Arnie admits the truck isn’t for everyone. It’s not the most affordable vehicle out there; he estimates it would take someone $25,000 to $30,000 to build one like his. It’s certainly not the easiest to set up, either, and Arnie did most of that work on his own. But trucks are his thing, so much so that he promotes a truck-only Pro-Touring Truck Shootout at Beech Bend Raceway Park in the spring.
Developing Red-X has been a long process, but Arnie has figured out how to make the truck fast. Today, it beats Spec Miata and 944 Spec lap times. In a recent NASA event, it bested a BMW M3.
“You got to have a love affair for the truck,” he says. “You got to have the passion to be the underdog and try to beat the BMWs, Porsches and Camaros.”
Arnie took us for a tour around his truck during a recent NASA Mid South event at Nashville Superspeedway.
Rear Suspension Swap
Arnie creates many of his own components through his business, OBS Chevy Racing. This kit replaces the leaf-spring setup with a three-link suspension and coil-over shocks.
“The cars tend to be more even-keeled,” Arnie says of the weight balance of cars versus trucks, with trucks having most of their weight in the front. “With the trucks, that’s a major disadvantage. We try to move a lot of weight off the front. In the rear, we make up for it with mechanical grip.”
Arnie’s truck now weighs 3340 pounds. He says it originally weighed about 4250 pounds.
He continues to experiment with the anti-roll bar, sometimes running without it. He hopes to develop a new setup soon.
More rubber generally equals more traction, and Arnie moved to a beefy 315/30ZR18 size. He’ll either run Hoosiers (pictured) or Michelin Pilot Sport Cup 2 tires. To accommodate the wider tires, he uses a Belltech spindle, wheel spacers/adapters, and a wheel intended for a Corvette. On all four corners, Baer 6P brakes–six-piston calipers, rotors and pads–up the truck’s stopping power.
The OBS Chevy Racing frame braces replace the crossmember that holds the spare tire. This allows Arnie to shave weight yet maintain rigidity in the rear of the frame.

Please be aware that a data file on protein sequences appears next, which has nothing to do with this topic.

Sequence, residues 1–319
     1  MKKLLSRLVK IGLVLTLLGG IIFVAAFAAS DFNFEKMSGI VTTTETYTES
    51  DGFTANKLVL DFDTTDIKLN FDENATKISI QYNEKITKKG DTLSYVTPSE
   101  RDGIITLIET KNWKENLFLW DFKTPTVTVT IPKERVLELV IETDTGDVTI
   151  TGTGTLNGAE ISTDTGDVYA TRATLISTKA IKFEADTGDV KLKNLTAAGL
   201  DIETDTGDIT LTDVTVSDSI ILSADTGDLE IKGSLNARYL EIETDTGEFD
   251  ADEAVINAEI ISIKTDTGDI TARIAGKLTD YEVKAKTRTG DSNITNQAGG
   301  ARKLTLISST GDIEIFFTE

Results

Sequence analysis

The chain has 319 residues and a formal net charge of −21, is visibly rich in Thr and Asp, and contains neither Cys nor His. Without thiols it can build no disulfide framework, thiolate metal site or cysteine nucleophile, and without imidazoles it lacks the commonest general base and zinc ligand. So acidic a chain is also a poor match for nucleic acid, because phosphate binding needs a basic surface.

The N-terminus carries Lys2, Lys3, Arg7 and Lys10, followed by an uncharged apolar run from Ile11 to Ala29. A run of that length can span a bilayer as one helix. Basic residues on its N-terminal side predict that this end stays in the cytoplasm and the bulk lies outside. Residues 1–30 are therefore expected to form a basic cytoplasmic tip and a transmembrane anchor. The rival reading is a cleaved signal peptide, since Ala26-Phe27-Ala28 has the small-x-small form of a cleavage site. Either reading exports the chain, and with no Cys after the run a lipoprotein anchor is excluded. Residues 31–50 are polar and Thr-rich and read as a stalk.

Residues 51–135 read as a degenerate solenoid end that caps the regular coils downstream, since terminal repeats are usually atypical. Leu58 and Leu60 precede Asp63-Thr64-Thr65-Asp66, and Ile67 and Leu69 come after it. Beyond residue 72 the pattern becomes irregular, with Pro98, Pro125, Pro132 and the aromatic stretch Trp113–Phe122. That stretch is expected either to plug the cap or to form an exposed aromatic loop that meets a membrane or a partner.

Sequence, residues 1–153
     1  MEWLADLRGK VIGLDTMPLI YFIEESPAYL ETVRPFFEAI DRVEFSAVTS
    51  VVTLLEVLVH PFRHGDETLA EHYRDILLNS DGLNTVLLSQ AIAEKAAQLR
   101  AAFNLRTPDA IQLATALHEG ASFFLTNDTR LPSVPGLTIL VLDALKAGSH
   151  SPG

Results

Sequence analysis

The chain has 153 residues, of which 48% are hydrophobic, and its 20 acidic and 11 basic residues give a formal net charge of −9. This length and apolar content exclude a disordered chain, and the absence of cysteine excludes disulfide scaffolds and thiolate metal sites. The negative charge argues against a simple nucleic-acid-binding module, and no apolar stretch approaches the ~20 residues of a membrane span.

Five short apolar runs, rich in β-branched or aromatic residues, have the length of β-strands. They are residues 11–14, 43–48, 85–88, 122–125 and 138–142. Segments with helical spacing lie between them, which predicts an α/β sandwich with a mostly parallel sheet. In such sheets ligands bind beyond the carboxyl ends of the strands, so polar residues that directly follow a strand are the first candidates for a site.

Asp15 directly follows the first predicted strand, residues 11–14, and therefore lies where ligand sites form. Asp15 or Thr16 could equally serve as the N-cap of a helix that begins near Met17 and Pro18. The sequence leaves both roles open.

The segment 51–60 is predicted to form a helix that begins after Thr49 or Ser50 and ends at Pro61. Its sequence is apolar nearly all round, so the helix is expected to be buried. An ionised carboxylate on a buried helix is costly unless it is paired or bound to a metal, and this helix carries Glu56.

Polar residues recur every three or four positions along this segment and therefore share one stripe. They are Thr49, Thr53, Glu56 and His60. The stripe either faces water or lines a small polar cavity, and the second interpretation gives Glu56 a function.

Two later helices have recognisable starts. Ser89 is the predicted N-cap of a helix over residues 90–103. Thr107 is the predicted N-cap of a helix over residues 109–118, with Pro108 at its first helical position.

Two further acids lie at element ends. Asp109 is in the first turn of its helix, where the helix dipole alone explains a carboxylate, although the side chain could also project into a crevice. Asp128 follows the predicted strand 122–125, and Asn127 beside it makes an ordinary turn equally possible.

Up front, Arnie added a splitter that his OBS Chevy Racing company makes. In the rear, a prototype rear wing catches some air and adds some downforce to the rear of the truck.
“I wouldn’t drive as fast as I would without the front splitter,” he says. “The rear spoiler is better than nothing.”
The OBS Chevy Racing coil-over kit up front, which includes billet aluminum upper control arms, allows Arnie to easily adjust caster and camber and install coil-over shocks.
This heat extractor hood from OBS Chevy Racing does what it sounds like it does. It takes away heat from under the hood to keep the powerplant cool and happy.
Under the hood, Arnie built an engine from a 6.0-liter GM LQ9 block. The cast-iron engine was used in trucks from 2002 to 2007. On top, it has GM 243 aluminum cylinder heads, which Arnie ported. He estimates that it puts out somewhere between 450 and 475 horsepower.
Shifted the Shifter
Inside the cockpit, Arnie stripped out most of the interior. He had to move the shifter because he opted for a Tremec T-56 six-speed manual, which was widely used in vehicles from GM, Ford and Chrysler. Arnie says he made the change for durability, since the truck originally came with a BorgWarner T5 five-speed manual.